McCormack, who in the Jayhawks’ first 10 games averaged 3.0 shot attempts at the rim, while attempting 5.4 per game from farther out, made a habit of doing damage deep inside the paint versus the Horned Frogs.
Of course, McCormack helped himself out by not settling for midrange jumpers. He went 4-for-4 at the rim (another big positive, considering he entered the week shooting below 50% from point-blank range this season), and 3-for-5 away from the rim. Even better: McCormack only took two shots that were from outside the paint — three if you want to be a stickler and count an attempt from around the right block.
Earlier this week, Bill Self called McCormack’s showing at TCU “dominant.” On Friday, ahead of the No. 6-ranked Jayhawks’ home game versus Oklahoma, KU’s head coach said his starting big man played to his size in the rout of TCU.
While praising McCormack on a number of fronts, Self pointed to the junior’s low post positioning and the job he did making himself available for passes deeper in the paint than normal.
“That takes some physicality to do that. I just thought he played to who he is,” Self said, referencing the measurements of the 6-foot-10, 250-pound man, and putting an emphasis on the word man while describing his player.
Although McCormack has endured some subpar offensive games so far, Self said he rarely is disappointed in the big man’s effort.
“I think sometimes guys can try really hard and give really good effort, but it doesn’t look like they’re doing it because they’re a little out of whack in some form or fashion or their balance is off, or technique’s off some, or whatever,” Self said. “I think David for the most part has always given great effort.”
In his first couple of seasons at KU, McCormack often played sped up. As Self referenced, it wasn’t that he wasn’t trying. Now the Jayhawks need him to harness his energy on offense by carving out good position inside for himself on a regular basis.
“I do think he’s got to do some things from a technique standpoint that allow him to create opportunities to get easy baskets,” Self said. “And I thought he did that (at TCU). And when he was in position to get them the other day, I thought he did a better job of finishing or demanding the ball or put himself in positions where they had to throw it to him.”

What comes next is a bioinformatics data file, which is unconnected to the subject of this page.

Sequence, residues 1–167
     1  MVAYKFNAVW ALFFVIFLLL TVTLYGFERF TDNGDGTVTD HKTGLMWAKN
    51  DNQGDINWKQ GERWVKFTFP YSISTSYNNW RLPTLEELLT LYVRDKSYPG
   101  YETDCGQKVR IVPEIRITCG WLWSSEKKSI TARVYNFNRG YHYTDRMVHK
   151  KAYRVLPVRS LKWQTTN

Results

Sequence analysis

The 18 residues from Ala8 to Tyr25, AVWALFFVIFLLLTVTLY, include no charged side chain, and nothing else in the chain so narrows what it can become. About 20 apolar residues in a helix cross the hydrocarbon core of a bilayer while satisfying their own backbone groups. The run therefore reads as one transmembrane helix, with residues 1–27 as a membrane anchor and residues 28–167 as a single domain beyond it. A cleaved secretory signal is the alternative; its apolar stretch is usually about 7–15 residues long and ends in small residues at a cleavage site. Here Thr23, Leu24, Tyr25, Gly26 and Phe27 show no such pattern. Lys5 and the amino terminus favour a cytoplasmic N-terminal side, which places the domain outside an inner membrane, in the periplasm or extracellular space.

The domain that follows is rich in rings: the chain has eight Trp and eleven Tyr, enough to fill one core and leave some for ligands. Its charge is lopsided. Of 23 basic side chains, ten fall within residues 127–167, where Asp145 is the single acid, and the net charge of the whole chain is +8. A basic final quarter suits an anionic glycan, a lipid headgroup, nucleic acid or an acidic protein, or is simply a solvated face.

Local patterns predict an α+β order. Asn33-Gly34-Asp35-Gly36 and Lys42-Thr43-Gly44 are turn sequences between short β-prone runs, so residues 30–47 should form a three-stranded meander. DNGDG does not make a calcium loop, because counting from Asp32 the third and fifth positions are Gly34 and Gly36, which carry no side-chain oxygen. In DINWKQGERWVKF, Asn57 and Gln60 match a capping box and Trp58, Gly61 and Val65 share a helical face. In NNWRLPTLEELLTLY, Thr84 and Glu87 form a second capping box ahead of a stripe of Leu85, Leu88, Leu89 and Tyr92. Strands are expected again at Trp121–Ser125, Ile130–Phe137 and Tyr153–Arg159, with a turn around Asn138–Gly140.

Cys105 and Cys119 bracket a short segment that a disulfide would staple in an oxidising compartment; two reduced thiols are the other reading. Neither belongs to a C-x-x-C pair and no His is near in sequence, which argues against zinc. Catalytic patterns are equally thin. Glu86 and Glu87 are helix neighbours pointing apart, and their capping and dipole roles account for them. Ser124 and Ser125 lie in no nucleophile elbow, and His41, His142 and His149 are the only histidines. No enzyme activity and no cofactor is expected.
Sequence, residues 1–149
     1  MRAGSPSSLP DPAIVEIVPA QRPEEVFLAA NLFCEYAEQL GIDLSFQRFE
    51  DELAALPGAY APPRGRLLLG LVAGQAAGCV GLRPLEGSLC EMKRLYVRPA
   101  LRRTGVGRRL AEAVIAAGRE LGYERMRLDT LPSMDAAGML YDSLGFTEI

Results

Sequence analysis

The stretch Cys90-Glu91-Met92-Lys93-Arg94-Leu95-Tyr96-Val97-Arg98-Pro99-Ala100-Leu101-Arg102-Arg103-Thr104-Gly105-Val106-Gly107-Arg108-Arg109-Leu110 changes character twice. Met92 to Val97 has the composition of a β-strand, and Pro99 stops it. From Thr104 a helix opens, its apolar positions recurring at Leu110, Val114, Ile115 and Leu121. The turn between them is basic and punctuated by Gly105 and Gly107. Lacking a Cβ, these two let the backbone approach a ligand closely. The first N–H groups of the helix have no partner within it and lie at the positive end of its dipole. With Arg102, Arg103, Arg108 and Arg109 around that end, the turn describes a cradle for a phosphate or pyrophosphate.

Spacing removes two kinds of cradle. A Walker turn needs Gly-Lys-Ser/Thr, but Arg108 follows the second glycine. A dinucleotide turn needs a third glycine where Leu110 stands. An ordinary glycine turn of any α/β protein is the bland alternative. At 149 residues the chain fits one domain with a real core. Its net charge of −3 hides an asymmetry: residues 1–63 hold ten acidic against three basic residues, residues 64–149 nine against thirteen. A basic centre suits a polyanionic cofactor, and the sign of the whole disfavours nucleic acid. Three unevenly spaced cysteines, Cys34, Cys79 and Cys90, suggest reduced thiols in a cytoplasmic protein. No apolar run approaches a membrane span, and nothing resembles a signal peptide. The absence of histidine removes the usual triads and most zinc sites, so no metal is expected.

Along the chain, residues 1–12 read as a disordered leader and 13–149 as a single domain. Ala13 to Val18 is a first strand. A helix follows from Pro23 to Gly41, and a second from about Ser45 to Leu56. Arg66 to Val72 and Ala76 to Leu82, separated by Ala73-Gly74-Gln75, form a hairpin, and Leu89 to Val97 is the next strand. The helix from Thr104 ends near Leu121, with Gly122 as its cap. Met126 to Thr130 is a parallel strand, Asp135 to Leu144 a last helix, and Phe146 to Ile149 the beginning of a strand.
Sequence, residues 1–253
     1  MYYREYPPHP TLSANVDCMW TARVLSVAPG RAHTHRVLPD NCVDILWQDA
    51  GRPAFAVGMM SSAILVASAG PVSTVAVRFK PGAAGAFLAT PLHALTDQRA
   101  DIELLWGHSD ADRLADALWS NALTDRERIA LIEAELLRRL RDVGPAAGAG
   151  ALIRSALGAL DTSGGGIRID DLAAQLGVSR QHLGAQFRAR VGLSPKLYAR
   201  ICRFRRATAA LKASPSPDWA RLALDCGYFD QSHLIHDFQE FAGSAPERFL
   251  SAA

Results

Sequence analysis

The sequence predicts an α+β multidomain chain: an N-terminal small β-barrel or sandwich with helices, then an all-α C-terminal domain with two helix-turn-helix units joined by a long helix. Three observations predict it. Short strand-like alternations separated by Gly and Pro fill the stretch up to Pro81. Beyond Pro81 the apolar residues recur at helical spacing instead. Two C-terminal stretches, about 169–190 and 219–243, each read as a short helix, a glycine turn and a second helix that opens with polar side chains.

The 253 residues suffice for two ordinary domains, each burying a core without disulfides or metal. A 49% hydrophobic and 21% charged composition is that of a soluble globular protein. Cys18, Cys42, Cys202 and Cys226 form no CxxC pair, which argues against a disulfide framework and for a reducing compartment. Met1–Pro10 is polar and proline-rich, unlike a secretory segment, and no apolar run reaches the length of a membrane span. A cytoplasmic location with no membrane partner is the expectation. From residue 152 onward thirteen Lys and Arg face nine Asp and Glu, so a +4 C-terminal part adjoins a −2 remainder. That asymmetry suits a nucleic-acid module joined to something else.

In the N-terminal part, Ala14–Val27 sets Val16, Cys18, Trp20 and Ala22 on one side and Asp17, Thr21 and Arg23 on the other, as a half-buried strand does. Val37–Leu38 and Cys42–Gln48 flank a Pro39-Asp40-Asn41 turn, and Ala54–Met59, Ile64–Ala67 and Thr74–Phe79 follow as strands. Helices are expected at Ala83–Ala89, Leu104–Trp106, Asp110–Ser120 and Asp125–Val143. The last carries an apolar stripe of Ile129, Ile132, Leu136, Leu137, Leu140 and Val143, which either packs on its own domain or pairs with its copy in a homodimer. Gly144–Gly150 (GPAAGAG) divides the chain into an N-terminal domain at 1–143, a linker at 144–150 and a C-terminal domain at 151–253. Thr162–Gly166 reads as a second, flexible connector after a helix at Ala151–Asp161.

KU’s perimeter players obviously don’t mind feeding McCormack.
“All it is is just throwing the ball in there,” sophomore guard Christian Braun said of how KU can keep finding success scoring inside. Braun said McCormack and the other bigs are “more than capable” of scoring.
McCormack now has proven an inside-focused offensive approach can boost his productivity (10.5 points per game through KU’s first 11, fourth on the roster). And making a point to take the ball up strong inside should make even better use of one of McCormack’s strengths: his free-throw shooting.
The largest man in a KU uniform has a soft touch at the foul line. McCormack heads into Saturday’s home game versus Oklahoma having made 21 free throws in a row (he went 6-for-6 at TCU). On the year, he’s 38-for-44 (86.4%). Only Jalen Wilson (36-for-55, 65.5%) has attempted more for KU.
No one’s asking McCormack to average 20 points a game. But putting a priority on taking more of his shot attempts inside will make him a more effective and efficient scorer — especially if he can increase his 4.0 free throw attempts a game in the process.
In KU’s first three Big 12 games, McCormack was trending in the wrong direction offensively, shooting 7-for-23 (30.4%) and averaging 8.3 points. He proved at TCU a different line of attack can make him far more impactful.